I think the Blaine analogy (mentioned above) is quite accurate. The reactions of the juggling community pretty much echo those we heard from many many magicians when DB captured the publics imagination and pushed the appropriate psychological buttons.

Mrgoat thanks for posting the Garfield link however. As a closet 5 ball juggler (only rarely on stage these days),I was stunned by his skill and amused by his audacity in putting the clip together. But, I don't think I'll be sending the link on to many friends.

Timothy Hyde
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Postby Guest » 03/14/06 04:43 PM

Brian:

I honestly meant no disprespect to those that enjoyed Bliss.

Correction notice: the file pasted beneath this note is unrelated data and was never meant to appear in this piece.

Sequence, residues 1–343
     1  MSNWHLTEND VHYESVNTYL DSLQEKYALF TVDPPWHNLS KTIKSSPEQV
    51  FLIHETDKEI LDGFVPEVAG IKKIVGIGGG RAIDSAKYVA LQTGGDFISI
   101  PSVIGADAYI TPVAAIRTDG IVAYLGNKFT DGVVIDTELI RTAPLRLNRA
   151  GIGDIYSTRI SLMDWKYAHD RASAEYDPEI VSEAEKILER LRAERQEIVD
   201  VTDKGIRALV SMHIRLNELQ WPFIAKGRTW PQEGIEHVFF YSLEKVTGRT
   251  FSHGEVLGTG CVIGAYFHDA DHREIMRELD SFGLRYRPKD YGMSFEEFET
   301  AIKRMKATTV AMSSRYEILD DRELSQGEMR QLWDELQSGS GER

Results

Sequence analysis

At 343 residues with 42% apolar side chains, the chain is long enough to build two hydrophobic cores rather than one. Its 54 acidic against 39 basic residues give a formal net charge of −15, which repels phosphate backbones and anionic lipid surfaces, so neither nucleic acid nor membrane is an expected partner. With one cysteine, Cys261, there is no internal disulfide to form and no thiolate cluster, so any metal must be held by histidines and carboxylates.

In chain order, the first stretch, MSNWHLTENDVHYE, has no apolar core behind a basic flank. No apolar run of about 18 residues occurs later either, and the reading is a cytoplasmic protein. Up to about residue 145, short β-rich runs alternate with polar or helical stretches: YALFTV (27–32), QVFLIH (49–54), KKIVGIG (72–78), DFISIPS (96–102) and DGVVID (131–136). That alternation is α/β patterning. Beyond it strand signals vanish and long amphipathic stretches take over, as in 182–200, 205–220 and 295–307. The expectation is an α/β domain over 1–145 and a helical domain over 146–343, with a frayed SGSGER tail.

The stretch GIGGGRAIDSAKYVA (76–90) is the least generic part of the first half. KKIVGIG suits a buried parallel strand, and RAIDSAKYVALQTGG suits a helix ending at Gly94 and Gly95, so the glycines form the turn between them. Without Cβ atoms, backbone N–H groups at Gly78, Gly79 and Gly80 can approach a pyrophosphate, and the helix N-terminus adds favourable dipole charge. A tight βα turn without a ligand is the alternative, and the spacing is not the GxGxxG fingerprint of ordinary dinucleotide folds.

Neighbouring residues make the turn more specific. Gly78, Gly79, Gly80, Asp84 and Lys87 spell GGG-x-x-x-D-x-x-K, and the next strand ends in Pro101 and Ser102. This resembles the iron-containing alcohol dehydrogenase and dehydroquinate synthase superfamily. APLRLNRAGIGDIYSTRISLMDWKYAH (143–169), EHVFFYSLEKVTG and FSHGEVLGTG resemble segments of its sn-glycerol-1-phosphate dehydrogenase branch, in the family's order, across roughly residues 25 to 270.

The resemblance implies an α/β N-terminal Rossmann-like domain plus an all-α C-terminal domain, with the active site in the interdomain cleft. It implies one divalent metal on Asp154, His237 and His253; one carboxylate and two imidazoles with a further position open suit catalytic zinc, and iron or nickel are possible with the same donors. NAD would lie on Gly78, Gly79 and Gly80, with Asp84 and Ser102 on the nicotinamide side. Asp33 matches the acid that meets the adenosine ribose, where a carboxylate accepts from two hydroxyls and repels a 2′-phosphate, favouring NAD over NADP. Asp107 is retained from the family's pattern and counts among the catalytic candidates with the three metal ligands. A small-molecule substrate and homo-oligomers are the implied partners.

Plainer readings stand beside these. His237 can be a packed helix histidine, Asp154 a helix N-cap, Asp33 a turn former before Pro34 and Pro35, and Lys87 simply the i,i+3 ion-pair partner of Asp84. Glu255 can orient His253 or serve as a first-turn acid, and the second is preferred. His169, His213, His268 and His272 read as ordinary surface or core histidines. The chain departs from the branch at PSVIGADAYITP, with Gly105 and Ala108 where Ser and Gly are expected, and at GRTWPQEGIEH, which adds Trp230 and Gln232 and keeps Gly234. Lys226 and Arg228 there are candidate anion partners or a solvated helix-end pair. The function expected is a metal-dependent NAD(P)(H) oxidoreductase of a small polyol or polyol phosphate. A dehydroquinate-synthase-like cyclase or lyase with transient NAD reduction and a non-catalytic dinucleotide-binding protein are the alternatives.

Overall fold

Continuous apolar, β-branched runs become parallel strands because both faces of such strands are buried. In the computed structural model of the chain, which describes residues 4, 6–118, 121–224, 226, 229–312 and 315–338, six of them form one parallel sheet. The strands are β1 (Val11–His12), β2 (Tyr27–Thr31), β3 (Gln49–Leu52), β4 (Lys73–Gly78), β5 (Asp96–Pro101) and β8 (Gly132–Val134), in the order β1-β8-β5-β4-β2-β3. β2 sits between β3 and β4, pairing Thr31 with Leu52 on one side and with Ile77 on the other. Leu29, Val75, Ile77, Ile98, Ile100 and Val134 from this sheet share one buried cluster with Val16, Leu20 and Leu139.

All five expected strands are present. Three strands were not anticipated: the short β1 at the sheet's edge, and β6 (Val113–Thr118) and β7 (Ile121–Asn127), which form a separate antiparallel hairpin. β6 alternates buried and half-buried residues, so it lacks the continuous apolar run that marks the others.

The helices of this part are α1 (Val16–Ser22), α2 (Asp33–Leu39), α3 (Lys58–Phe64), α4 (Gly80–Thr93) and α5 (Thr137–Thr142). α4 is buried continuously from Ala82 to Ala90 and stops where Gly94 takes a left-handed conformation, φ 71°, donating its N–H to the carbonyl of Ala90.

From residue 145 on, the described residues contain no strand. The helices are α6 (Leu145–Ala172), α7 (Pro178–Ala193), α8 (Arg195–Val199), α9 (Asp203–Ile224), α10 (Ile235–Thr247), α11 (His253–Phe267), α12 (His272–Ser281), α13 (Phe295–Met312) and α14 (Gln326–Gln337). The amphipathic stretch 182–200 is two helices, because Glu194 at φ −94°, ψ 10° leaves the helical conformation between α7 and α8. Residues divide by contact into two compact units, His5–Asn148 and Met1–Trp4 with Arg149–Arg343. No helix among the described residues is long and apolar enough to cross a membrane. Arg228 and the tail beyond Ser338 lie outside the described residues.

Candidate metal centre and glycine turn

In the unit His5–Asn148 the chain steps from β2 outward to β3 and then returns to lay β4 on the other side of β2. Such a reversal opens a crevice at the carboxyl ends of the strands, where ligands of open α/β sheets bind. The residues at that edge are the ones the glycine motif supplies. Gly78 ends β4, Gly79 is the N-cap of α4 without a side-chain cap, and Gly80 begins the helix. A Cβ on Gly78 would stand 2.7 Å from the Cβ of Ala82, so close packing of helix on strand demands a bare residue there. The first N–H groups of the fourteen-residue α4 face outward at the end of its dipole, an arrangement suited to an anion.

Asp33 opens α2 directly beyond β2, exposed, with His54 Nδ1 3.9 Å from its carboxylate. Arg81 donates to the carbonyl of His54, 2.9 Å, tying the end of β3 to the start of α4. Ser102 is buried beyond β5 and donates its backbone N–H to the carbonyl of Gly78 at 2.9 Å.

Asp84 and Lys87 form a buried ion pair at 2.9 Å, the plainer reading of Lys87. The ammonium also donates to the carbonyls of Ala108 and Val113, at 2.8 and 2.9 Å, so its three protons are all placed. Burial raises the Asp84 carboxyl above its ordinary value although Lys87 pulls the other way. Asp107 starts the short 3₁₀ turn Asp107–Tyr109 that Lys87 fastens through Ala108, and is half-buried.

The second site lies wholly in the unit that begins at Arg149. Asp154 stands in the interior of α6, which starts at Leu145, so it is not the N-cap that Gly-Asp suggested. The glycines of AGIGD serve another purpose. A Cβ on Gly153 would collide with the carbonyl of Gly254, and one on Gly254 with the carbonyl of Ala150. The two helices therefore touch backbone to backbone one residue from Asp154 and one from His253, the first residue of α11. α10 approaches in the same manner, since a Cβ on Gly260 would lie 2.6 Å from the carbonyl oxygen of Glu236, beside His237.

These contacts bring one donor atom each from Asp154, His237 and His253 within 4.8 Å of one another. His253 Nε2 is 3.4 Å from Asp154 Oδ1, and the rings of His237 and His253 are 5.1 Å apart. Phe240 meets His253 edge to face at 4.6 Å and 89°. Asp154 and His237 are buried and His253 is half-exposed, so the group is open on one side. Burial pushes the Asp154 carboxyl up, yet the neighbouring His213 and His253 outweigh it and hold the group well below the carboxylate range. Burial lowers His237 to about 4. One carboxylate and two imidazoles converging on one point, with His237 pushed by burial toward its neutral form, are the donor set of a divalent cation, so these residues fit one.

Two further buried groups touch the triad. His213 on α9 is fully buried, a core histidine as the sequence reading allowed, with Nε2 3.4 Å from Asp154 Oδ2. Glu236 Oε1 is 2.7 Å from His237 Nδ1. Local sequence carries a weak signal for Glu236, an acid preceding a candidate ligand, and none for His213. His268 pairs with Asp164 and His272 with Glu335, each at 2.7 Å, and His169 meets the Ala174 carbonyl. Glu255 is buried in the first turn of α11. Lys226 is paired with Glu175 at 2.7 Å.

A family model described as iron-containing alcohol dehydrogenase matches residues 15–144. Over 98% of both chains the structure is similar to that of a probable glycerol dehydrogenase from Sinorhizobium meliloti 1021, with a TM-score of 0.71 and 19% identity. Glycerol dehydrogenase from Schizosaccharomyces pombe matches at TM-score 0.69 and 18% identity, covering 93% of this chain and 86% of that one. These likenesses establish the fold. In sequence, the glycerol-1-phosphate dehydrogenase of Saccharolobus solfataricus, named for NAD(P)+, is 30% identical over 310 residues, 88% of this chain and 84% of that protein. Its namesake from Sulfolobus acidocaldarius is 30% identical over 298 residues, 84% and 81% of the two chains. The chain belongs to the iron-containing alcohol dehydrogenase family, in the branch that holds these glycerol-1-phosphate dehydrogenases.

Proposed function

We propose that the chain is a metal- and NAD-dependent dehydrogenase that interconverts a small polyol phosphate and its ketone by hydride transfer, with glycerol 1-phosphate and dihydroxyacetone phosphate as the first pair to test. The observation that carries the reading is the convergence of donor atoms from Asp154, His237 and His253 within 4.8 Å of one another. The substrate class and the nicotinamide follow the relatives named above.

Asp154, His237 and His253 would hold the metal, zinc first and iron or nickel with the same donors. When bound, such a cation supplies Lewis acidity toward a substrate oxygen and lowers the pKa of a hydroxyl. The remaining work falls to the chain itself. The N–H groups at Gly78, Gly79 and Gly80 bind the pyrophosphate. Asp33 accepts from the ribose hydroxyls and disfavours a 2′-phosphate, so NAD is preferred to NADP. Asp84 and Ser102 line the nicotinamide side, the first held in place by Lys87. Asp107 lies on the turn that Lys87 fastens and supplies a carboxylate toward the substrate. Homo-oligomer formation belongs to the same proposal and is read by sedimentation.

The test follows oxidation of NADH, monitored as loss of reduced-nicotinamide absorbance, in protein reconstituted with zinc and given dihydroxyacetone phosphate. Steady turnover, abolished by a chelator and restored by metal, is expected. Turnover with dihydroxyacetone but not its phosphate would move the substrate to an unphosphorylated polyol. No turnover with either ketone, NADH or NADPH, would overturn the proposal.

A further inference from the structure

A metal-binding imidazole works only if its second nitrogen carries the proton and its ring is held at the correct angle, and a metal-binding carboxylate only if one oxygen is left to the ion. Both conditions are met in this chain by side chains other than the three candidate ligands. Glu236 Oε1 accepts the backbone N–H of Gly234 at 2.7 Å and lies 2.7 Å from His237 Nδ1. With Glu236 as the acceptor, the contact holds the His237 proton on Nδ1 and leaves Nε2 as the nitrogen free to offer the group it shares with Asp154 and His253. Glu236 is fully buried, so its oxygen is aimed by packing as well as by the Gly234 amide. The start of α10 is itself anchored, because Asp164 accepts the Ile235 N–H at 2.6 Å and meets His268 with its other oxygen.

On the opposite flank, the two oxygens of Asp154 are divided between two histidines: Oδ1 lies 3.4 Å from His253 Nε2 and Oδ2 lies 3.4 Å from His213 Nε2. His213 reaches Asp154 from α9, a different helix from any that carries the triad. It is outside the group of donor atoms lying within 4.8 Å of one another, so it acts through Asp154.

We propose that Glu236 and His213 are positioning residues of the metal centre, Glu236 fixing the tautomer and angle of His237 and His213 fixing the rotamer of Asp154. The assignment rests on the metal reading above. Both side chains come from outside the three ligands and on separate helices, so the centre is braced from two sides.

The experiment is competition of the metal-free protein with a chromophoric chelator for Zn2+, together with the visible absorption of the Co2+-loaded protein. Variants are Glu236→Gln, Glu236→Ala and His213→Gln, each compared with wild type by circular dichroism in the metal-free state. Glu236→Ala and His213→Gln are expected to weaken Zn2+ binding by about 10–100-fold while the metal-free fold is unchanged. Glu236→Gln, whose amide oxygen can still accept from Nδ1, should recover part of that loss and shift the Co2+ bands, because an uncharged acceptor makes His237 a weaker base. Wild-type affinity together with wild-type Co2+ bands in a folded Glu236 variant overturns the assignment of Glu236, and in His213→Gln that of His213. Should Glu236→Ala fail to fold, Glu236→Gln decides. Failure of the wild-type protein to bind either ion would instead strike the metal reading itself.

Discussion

I was merely linking to a Boing Boing post.

And for the record brother Jennings is more like a cross between Fred Astaire and Garfield. Not Bliss.

He does technically difficult tricks, but makes them looks effortless and beautiful. And one day maybe I can post a clip of it. That would be great. Thing is, he is a bit odd and as soon as he wins something globally, he moves on.

I agree with you totally that laypeople - ie people that do not know what they are looking at and are unqualified to comment - will and indeed did enjoy it. But, Garfield, Penn and others took issue with the lameness of it.

Anyone - with or without dance training - can see he looked stiff and didn't move to the music well. But heck, if you and others enjoyed it, excellent.

I am pleased for you. Really I am.

I was simply linking to a Boing Boing post that I thought was funny.

Garfield's only point - as far as I can tell - is that what he did was easy, and without real value. Hence his duplication of the routine.

He could artisically or technically stomp on it. He chose to techically mock it.

I found it funny.

That's all.

:)
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Postby Guest » 03/14/06 04:45 PM

Originally posted by Pete McCabe: